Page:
Weston State Senate districts have changed

Weston senate districts

Weston senate districts

Although all Weston voters will go to the same polling place on Nov. 6, not all will receive the same ballot. And when it comes to voting for state legislators, many will find they are not in the same Senatorial District in which they used to be.

Weston has two state Senate Districts: the 26th and the 28th.

Changes to the boundaries for the districts were mandated this year by the state, based on population changes reported in the 2010 census.

Under the old division, only about 800 people living in the southwest corner of the town were in the 26th District, currently represented by Senator Toni Boucher.

The new map splits the town approximately in half. The dividing line runs north and south, splitting the town into eastern and western sections roughly along Newtown Turnpike, Birch Hill Road, Goodhill Road, Sunset Drive, Cartbridge Road, and Fanton Hill Road. [See maps.]

The new division puts approximately 6,000 people in the 26th District and about 4,180 in the 28th, currently represented by Senator John McKinney.

Susan Moran, the Republican registrar of voters, and Laura Smits, the Democratic registrar, said as of this Tuesday, Democrats outnumber Republicans  in both district, but unaffiliated voters outnumber both parties.

The number of registered voters in each district are:

District 1 (28th)

Democrats: 920

Republicans: 809

Unaffiliated: 967

Other: 12

Total: 2,708

District 2 (26th)

Democrats: 1,341

Republicans: 1,165

Unaffiliated: 1,432

Other: 16

Total: 3,954

Besides Weston, the 26th District also includes all or portions of Bethel, New Canaan, Redding, Ridgefield, Westport, and Wilton.

The 28th District also includes all or parts of Easton, Fairfield, and Newtown.

Publicizing the changes

The Weston registrars of voters and the town clerk have been working to try to publicize the new district map so as to avoid confusion at the polls on Election Day.

An alphabetical listing of streets and the district they are in is now on the town’s website, westonct.gov.

In addition to the maps in The Weston Forum and posted on our website at theWestonForum.com this week, hard copies of the new map are available at the town clerk’s office in Weston Town Hall.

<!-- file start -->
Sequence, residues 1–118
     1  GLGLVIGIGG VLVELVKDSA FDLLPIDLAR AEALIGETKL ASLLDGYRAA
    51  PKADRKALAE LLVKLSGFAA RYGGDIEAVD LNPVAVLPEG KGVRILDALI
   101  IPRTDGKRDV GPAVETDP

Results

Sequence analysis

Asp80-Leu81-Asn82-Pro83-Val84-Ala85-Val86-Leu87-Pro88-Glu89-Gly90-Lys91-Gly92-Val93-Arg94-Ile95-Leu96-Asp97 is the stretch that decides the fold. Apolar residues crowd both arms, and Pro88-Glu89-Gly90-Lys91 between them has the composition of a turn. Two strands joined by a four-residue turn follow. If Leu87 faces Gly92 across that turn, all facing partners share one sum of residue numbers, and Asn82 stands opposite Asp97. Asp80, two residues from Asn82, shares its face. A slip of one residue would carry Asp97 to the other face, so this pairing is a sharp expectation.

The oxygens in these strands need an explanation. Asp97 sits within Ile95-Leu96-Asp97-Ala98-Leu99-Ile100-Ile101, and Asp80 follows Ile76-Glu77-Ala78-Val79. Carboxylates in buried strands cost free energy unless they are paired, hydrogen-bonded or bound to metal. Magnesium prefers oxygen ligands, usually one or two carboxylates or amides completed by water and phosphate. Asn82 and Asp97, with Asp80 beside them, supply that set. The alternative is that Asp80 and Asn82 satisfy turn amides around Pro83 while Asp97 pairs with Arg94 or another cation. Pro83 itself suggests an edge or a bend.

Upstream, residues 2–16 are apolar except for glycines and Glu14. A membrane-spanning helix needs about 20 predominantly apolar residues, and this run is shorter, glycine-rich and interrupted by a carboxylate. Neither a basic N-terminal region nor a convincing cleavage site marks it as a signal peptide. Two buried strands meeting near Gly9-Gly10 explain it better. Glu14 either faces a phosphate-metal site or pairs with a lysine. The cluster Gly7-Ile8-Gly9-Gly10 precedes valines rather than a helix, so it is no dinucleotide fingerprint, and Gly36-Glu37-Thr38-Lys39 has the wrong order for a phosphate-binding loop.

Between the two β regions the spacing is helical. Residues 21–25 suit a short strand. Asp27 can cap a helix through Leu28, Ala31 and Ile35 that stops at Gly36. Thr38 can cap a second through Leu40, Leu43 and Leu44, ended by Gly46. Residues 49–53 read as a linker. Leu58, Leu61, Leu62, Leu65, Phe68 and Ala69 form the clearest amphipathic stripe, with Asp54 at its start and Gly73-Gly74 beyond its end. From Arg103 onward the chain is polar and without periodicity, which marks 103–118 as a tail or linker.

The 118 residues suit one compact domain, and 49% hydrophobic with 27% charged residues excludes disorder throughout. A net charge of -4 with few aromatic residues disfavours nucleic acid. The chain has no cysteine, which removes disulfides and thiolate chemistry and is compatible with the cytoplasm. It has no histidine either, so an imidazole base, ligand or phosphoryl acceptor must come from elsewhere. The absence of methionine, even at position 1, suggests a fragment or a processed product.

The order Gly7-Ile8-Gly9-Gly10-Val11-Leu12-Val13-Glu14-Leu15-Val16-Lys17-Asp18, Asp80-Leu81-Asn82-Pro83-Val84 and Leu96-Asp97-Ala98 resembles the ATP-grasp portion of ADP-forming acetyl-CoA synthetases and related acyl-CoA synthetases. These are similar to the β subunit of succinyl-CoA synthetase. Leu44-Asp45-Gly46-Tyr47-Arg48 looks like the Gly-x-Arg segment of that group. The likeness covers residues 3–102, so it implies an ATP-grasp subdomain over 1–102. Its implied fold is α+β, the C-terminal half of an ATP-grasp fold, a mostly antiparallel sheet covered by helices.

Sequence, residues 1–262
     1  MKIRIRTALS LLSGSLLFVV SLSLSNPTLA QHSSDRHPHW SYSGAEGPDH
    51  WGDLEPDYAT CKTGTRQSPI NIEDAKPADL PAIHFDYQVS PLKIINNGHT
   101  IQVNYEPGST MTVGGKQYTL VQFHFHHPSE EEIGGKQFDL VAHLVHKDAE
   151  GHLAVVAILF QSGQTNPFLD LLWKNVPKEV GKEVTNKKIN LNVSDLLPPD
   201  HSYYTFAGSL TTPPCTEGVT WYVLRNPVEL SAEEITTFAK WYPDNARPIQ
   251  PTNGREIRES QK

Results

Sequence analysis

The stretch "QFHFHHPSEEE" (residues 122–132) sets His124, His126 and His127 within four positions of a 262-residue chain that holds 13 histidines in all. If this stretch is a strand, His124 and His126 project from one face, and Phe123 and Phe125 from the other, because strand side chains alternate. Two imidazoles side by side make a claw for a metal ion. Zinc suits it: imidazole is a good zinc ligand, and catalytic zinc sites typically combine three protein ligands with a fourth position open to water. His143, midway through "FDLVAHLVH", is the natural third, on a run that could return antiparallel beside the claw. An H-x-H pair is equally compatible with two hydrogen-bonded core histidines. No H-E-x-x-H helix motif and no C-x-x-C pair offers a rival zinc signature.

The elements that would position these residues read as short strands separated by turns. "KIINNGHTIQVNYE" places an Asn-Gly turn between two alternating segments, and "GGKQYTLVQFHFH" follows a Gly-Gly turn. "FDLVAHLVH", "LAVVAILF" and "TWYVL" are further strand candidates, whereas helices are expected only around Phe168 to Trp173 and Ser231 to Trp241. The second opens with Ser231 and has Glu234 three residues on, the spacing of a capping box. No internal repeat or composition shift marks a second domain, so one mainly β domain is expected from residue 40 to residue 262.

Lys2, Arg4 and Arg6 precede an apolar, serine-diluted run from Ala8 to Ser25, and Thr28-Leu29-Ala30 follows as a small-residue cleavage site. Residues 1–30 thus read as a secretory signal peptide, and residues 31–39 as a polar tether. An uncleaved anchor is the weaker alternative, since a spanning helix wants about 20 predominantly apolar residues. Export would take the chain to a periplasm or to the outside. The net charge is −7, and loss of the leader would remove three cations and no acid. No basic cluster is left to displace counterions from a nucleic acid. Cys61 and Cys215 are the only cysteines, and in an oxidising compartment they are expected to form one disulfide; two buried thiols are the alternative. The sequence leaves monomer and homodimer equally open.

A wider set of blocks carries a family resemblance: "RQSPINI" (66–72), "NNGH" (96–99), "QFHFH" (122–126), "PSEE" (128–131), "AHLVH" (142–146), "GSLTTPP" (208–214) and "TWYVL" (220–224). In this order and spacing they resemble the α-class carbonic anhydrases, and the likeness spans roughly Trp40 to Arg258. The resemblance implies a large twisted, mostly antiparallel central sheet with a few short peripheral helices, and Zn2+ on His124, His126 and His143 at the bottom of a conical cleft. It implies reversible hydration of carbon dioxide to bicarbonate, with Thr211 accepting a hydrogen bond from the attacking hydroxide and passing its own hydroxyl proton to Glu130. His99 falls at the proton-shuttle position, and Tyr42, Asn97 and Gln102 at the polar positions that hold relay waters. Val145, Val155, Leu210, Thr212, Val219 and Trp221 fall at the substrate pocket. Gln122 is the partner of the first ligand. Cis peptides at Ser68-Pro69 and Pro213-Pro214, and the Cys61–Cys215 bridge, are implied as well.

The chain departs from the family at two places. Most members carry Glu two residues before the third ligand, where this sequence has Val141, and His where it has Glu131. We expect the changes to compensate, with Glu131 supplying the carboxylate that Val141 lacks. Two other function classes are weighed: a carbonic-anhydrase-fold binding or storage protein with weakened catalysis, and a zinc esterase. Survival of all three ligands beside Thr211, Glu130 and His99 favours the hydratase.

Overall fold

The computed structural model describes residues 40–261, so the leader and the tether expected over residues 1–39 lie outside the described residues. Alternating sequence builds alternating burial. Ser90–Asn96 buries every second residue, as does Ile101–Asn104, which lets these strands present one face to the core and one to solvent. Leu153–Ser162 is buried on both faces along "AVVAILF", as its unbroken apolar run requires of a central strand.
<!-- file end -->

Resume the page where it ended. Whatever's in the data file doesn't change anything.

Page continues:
While the dividing line is fairly straightforward, there are a few roads in town where the people who live on one side or section may be in one district, while their neighbors across or down the street are in the other.

These are spelled out in the alphabetical list online, and include Ladder Hill Road, Lords Highway, Lyons Plain Road, Newtown Turnpike, Oakwood Drive, Steephill Road, and Sunset Drive.

Before Election Day, the registrars will be doing a town-wide postcard mailing letting people know which district they are in.

Gearing up

Ms. Moran and Ms. Smits are gearing up for a big turnout on Nov. 6. Presidential elections have traditionally brought out approximately 95% or more of the town’s eligible voters, of which there are (as of earlier this week) 6,627.

The registrars said there will be plenty of people on hand at the polls to help those who are uncertain about which ballot they need to use — and to help in general with the large expected turnout.

Voters can expedite voting at the polls by doing several things, the registrars said. One is to know your district. Another is to have one of the following forms of ID:

• Social Security card

• A pre-printed ID card with name and address

• ID with name and signature,

• ID with name and photograph

Without one of those forms of identification, one may sign a sworn affidavit statement at the polls.

Those who are not on the voter registration list on Election Day may still cast a Presidential ballot — vote for President only — in the town clerk’s office at Weston Town Hall. Or, one may cast a provisional ballot at the polls that must be verified later.

Absentee ballots

The town clerk, Donna Anastasia, has also been busy preparing for the election.

As of noon Tuesday, Oct. 23, Ms. Anastasia said she had received 627 requests for absentee ballots; 267 ballots had been returned.

In addition, there have been 30 requests for federal offices only ballots and a little more half of those have been returned, she said.

Those who would like to vote in the Nov. 6 election, but who are not registered to do so have until Tuesday, Oct. 30, to register in person at the town clerk’s office.

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